Related Publications

    2018. Gidel, F. Variational water-wave models and pyramidal freak waves, PhD thesis, University of Leeds.

    2017. Gidel, F., Bokhove, O., and Kelmanson, M. Driven nonlinear potential flow with wave breaking at shallow-water beaches, Proceedings of the ASME 2017 36th International Conference on Ocean, Offshore and Arctic Engineering, Vol. 1.

    2017. Gidel, F., Bokhove, O., and Kalogirou, A.: Variational modelling of extreme waves through oblique interaction of solitary waves: application to Mach reflection, Nonlin. Processes Geophys., 24, 43-60, doi:10.5194/npg-24-43-2017

    In progress

    Gidel, F., Bokhove, O., and Kelmanson, M.: Variational and numerical water-wave and surf-zone hydrodynamics, Water Waves.

    Gidel, F., Kelmanson, M., and Bokhove, O.: Dynamic interactions between driven potential-flow water waves and shallow-water breaking waves on a sloping beach: numerical strategy and experimental validation, Journal of Fluids Mechanics.

    Gidel, F., Bokhove, O., and Kelmanson, M.: Variational and numerical modelling strategies for cost-effective simulations of driven free-surface waves,Wave Motion.


    Modelling rogue waves in shallow water

    Variational modelling of extreme waves through oblique interaction of solitary waves: application to Mach reflection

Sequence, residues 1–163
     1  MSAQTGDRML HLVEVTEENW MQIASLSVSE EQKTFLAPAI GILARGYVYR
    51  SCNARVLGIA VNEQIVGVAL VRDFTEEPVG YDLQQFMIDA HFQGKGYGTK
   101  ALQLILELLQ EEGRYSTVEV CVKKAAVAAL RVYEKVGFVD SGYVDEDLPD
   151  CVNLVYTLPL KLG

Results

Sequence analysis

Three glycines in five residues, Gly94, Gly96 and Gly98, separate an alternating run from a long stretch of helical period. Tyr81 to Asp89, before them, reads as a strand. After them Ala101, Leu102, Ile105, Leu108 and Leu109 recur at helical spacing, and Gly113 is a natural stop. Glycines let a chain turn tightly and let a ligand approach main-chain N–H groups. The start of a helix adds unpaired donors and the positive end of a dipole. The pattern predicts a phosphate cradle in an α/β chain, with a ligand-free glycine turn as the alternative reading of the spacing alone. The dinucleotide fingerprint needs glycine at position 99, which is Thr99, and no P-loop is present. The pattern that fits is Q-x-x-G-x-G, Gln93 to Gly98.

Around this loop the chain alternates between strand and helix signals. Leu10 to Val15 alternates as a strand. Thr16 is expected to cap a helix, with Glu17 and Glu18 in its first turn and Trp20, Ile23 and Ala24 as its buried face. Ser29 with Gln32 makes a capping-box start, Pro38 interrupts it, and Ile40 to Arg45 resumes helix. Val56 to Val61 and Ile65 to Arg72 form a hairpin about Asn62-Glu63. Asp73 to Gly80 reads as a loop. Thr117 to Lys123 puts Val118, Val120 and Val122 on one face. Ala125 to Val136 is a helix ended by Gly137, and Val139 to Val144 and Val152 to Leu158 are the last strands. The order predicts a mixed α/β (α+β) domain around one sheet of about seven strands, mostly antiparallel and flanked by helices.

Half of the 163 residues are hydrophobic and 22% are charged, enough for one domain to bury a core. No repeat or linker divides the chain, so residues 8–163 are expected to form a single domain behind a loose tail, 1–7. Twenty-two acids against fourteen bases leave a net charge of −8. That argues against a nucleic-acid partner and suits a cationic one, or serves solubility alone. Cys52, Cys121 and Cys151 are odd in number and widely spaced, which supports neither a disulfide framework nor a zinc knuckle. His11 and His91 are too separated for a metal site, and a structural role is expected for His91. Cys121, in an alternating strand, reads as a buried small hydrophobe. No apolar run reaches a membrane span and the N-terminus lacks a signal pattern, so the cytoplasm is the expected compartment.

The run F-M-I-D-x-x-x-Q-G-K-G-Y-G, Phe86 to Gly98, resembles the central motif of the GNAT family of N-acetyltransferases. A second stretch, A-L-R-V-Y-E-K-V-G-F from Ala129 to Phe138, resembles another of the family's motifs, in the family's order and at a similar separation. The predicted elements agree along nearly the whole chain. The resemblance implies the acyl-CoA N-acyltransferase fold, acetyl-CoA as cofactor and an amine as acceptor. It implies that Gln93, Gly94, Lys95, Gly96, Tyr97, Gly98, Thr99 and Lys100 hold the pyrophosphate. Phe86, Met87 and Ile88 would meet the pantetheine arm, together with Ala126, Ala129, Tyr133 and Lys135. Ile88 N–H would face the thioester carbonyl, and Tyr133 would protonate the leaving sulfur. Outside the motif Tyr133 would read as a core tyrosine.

In this work, we model extreme waves occurring due to the intersection of two solitons. Studies from Miles (1977) and Kodama et al. (2009-2011) indeed showed that when a soliton collides with a wall, a three-shocks reflection pattern occurs, consisting in the incident wave, the reflected wave, and a Mach stem wave (cf. Figure 2). For a given range of incident angles, this stem wave grows linearly in amplitude and length, reaching up to four times the amplitude of the incident wave. If the wall is modelled by the deck of a boat, an obliquely incident wave can impact the deck and thus propagate along it with a growing amplitude, leading in the end to a phenomenum called green water (cf. Figure 1). The wall can also be virtual when two solitary waves interact with same amplitudes and opposite angles of incidence. In that case, the resulting wave can be considered as a freak wave since its amplitude is at least twice higher than those of the incident solitons. These two phenomena are a real threat for offshore structures such as ships, platforms and wind turbines. Modelling these extreme waves thus enables to predict loads and stresses applied on the structures in order to limit damage. A variational approach is used to derive the Benney-Luke equations, which are solved with the Finite Element Methode using Firedrake. The numerical results for the amplification of the stem wave are compared to theory using an asymptotically-exact solution and the corresponding interaction parameter.